The piece “Year 2014 round up: Mining reforms steal limelight” featured below was initially published in Malawi’s Mining Review Issue Number 20 2014 that was circulated in December 2014. This is the final edition for 2014
The full edition can be read here: Mining Review No. 20 December 2014
To learn more about this quarterly publication, edited by Marcel Chimwala, read the post about the “Voice of the mineral sector in Malawi”.
Year 2014 round up
Mining reforms steal limelight
By Marcel Chimwala
Mineral sector reforms have emerged as the major issue of the year 2014 which is coming to an end this month with the new administration of His Excellency Professor Arthur Peter Mutharika taking steps to review the existing mining legislation including the Mines and Minerals Act (1981) and the Petroleum (Exploration and Production) Act (1983).
Government is implementing the reforms under the auspices of the Mining Governance and Growth Support Project, which it is financing through loans and grants obtained from the World Bank and the European Union.
The reforms have also included institutional and governance strengthening, local and short term capacity building, the updating of geological data base through acquisition of high density airborne geophysical data, updating geological maps, modernizing the mineral cadastre and setting up of a geo-data centre for ease of data access,
says Director for the Department of Mines, Mr. Charles Kaphwiyo.
The process to review the Mines and Mines Act of 1981 saw the holding of a two day symposium from July 16-17 whose opening ceremony was presided over by Minister of Natural Resources, Energy and Mining Honourable Atupele Muluzi.
Kaphwiyo says the Act is being reviewed in order to ensure that the country is able to realize optimal benefits from the largely unexploited sector.
The symposium to review the Act attracted participants from the whole spectrum of stakeholders including Government, donors, exploration and mining firms, financial institutions, equipment suppliers, civil society and the media.
We need to review the Act to put in place a viable and transparent fiscal regime that attracts investors, effectively regulates transfer of foreign earnings, ensures that a substantial amount of revenue is retained in Malawi and promotes and protects local Malawians investing in the industry,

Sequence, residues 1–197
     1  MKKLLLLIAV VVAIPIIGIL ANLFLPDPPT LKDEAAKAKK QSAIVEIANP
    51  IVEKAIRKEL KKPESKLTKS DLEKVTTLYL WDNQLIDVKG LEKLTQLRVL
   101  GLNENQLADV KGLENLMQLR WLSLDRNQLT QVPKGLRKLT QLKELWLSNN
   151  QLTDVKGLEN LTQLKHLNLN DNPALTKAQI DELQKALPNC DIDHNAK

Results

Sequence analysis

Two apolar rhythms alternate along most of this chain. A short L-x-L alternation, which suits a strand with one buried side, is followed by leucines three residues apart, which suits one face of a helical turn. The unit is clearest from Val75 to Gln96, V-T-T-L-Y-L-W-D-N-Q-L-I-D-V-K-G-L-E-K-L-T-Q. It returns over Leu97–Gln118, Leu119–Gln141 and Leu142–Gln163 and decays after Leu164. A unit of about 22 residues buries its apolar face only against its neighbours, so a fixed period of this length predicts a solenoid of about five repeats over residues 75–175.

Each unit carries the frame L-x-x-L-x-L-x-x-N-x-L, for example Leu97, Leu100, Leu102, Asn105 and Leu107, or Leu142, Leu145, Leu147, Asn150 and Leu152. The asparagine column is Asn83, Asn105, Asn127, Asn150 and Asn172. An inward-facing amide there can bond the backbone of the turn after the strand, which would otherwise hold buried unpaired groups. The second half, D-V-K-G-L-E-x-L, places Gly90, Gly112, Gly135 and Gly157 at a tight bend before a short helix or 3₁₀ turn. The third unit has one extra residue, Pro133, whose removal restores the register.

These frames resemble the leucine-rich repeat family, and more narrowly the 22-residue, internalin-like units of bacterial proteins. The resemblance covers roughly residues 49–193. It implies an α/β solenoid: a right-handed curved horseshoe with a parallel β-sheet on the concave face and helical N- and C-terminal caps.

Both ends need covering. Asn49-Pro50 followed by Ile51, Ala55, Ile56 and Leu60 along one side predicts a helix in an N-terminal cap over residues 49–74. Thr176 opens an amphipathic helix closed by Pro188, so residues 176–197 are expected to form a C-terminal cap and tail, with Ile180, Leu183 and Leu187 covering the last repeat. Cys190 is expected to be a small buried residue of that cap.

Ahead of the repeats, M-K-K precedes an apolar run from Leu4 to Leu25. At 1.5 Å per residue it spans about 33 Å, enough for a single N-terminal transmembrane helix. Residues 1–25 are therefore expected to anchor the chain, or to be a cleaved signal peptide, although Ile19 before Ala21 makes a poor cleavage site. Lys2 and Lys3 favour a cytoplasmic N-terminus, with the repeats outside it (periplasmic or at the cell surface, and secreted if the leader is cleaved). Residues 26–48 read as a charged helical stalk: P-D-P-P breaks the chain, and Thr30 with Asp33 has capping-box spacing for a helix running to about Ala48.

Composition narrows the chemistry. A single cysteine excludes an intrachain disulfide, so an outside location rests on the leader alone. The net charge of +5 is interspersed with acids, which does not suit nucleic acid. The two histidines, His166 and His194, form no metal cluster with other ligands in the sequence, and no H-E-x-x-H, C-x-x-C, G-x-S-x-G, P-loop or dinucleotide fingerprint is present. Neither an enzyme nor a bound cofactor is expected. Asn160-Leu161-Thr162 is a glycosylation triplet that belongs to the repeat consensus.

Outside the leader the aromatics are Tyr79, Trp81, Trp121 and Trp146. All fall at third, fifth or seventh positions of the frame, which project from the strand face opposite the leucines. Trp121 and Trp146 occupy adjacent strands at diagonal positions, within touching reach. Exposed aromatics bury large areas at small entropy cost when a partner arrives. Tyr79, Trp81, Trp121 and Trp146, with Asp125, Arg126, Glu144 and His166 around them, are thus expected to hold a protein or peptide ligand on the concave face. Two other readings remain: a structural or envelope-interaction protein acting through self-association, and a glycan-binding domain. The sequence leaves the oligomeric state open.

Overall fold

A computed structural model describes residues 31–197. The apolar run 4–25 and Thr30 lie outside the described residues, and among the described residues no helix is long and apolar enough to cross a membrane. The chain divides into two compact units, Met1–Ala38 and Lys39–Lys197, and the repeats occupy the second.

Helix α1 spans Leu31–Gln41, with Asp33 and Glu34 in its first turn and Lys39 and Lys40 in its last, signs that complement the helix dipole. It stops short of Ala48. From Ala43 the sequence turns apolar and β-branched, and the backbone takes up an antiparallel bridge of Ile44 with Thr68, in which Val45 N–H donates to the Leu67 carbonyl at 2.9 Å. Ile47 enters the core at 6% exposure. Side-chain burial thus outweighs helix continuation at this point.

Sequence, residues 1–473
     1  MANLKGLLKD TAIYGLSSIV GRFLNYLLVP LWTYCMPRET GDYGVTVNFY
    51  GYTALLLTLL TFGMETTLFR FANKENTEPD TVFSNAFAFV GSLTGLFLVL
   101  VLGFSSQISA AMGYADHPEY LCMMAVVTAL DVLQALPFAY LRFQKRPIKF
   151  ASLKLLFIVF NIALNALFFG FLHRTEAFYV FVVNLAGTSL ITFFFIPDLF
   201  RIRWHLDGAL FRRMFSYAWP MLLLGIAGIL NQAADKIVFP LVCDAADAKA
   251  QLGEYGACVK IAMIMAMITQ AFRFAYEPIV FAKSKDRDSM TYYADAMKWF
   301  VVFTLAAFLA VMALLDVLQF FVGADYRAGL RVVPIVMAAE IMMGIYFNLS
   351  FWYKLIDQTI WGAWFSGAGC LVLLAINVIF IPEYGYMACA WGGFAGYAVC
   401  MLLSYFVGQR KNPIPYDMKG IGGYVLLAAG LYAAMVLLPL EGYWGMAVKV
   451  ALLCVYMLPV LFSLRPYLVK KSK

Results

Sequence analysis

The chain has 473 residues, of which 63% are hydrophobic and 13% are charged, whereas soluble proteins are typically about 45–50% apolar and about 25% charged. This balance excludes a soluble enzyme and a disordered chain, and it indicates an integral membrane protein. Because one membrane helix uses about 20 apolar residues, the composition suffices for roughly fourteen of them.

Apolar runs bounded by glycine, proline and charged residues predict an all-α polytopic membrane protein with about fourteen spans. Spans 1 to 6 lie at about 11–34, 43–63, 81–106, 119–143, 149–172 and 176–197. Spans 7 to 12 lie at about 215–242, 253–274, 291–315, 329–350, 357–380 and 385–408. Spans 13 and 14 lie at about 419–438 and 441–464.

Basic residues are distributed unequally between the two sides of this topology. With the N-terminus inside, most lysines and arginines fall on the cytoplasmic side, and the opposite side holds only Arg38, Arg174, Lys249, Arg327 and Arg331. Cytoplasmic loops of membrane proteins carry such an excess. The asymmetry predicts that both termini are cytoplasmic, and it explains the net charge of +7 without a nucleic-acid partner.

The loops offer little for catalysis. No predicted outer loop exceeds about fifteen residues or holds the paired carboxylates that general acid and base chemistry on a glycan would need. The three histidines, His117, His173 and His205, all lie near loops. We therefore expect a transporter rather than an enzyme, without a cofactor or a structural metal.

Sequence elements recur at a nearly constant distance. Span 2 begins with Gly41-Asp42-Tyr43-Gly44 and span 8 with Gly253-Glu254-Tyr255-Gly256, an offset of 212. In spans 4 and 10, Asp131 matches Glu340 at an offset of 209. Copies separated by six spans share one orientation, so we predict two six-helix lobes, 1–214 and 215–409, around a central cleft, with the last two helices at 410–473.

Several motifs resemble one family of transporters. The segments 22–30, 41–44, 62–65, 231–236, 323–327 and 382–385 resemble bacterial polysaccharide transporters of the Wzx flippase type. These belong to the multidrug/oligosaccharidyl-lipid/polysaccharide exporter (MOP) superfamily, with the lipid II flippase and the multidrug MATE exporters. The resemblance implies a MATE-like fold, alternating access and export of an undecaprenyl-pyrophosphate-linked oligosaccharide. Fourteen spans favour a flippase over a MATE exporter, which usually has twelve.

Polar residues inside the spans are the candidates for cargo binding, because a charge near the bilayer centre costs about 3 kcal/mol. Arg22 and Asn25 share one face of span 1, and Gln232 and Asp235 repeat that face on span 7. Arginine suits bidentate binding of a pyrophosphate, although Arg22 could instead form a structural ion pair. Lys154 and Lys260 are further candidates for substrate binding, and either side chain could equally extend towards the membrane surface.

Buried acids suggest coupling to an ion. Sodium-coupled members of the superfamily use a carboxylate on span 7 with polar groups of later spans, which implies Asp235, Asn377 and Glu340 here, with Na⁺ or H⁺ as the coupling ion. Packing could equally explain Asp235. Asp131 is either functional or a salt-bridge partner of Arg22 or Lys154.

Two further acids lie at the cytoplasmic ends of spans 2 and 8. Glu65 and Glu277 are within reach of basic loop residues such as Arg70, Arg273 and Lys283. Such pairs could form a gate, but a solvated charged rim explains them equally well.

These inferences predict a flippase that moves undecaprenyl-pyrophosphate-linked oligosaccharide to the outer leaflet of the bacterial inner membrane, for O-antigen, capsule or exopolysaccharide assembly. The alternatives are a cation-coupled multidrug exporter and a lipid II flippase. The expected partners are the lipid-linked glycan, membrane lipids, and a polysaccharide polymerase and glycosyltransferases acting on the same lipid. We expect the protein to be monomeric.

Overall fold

says Minister of Natural Resources, Energy and Mining Atupele Muluzi.
Muluzi says as part of the reforms, the Government is also pursuing plans to subscribe to the Extractive Industry Transparency Initiative (EITI) to promote transparency and accountability in the sector.
The mining reforms also saw the launch of the New Mines and Minerals Policy last year which is aimed at attracting investment in the sector in order to transform the country from an agro-based to a mineral based economy.
In November, the Government also held a symposium for the formulation of the artisanal and small scale mining (ASM) policy. The policy will guide the government in unlocking opportunities for the artisanal and small scale mining subsector, which is crucial in the alleviation of poverty.
Mining and Exploration Projects
Kayelekera Uranium Mine
The year 2014 also saw mining suspended at the Kayelekera Uranium Mine, which is Malawi’s largest mining investment. The investor, Paladin Africa, attributed the suspension to failure of the mine to make profits due to low prices of uranium on the global market in response to the Fukushima Nuclear Disaster, which led to the closure of several nuclear power plants in Japan.
Paladin Africa has now put the mine on care and maintenance while waiting for prices to pick up to US$75/lb for benchmark profitability.
Shayona Cement Factory Expansion
Also in the year, Shayona Cement Corporation announced an expansion project at its Kasungu Factory in so doing increasing mined quantities for limestone at the company’s Livwezi and Chikowa deposits located close to the factory.
Shayona Cement is investing US$65-million in the project, which is being implemented in phases and will see production rising to 1200 tonnes per day using rotary kiln technology.